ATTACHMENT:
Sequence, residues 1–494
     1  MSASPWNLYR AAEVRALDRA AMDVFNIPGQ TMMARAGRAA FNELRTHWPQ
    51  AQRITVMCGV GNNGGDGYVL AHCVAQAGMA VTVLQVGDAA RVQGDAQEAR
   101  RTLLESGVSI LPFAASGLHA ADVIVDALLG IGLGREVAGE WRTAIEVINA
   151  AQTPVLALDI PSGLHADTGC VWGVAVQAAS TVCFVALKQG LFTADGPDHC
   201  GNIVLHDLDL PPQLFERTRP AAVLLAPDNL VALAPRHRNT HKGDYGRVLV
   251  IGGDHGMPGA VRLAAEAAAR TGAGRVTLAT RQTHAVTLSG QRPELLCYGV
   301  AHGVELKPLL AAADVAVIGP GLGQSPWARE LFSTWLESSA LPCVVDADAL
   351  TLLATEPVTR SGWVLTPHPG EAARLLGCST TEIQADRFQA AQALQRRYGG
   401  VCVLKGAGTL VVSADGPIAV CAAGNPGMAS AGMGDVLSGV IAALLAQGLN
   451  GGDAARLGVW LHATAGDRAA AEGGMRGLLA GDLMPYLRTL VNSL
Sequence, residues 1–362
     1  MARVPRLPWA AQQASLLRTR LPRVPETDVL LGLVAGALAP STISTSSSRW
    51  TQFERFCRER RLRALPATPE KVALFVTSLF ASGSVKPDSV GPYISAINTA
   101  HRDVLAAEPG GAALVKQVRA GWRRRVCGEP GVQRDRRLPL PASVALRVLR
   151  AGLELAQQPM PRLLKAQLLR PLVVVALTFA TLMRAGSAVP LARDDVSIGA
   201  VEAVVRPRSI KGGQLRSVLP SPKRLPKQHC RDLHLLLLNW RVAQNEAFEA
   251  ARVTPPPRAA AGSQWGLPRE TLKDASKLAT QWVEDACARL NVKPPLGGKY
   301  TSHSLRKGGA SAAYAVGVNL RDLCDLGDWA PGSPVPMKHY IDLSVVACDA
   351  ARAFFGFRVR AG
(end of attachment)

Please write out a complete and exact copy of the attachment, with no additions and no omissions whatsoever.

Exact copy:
Sequence, residues 1–494
     1  MSASPWNLYR AAEVRALDRA AMDVFNIPGQ TMMARAGRAA FNELRTHWPQ
    51  AQRITVMCGV GNNGGDGYVL AHCVAQAGMA VTVLQVGDAA RVQGDAQEAR
   101  RTLLESGVSI LPFAASGLHA ADVIVDALLG IGLGREVAGE WRTAIEVINA
   151  AQTPVLALDI PSGLHADTGC VWGVAVQAAS TVCFVALKQG LFTADGPDHC
   201  GNIVLHDLDL PPQLFERTRP AAVLLAPDNL VALAPRHRNT HKGDYGRVLV
   251  IGGDHGMPGA VRLAAEAAAR TGAGRVTLAT RQTHAVTLSG QRPELLCYGV
   301  AHGVELKPLL AAADVAVIGP GLGQSPWARE LFSTWLESSA LPCVVDADAL
   351  TLLATEPVTR SGWVLTPHPG EAARLLGCST TEIQADRFQA AQALQRRYGG
   401  VCVLKGAGTL VVSADGPIAV CAAGNPGMAS AGMGDVLSGV IAALLAQGLN
   451  GGDAARLGVW LHATAGDRAA AEGGMRGLLA GDLMPYLRTL VNSL
Sequence, residues 1–362
     1  MARVPRLPWA AQQASLLRTR LPRVPETDVL LGLVAGALAP STISTSSSRW
    51  TQFERFCRER RLRALPATPE KVALFVTSLF ASGSVKPDSV GPYISAINTA
   101  HRDVLAAEPG GAALVKQVRA GWRRRVCGEP GVQRDRRLPL PASVALRVLR
   151  AGLELAQQPM PRLLKAQLLR PLVVVALTFA TLMRAGSAVP LARDDVSIGA
   201  VEAVVRPRSI KGGQLRSVLP SPKRLPKQHC RDLHLLLLNW RVAQNEAFEA
   251  ARVTPPPRAA AGSQWGLPRE TLKDASKLAT QWVEDACARL NVKPPLGGKY
   301  TSHSLRKGGA SAAYAVGVNL RDLCDLGDWA PGSPVPMKHY IDLSVVACDA
   351  ARAFFGFRVR AG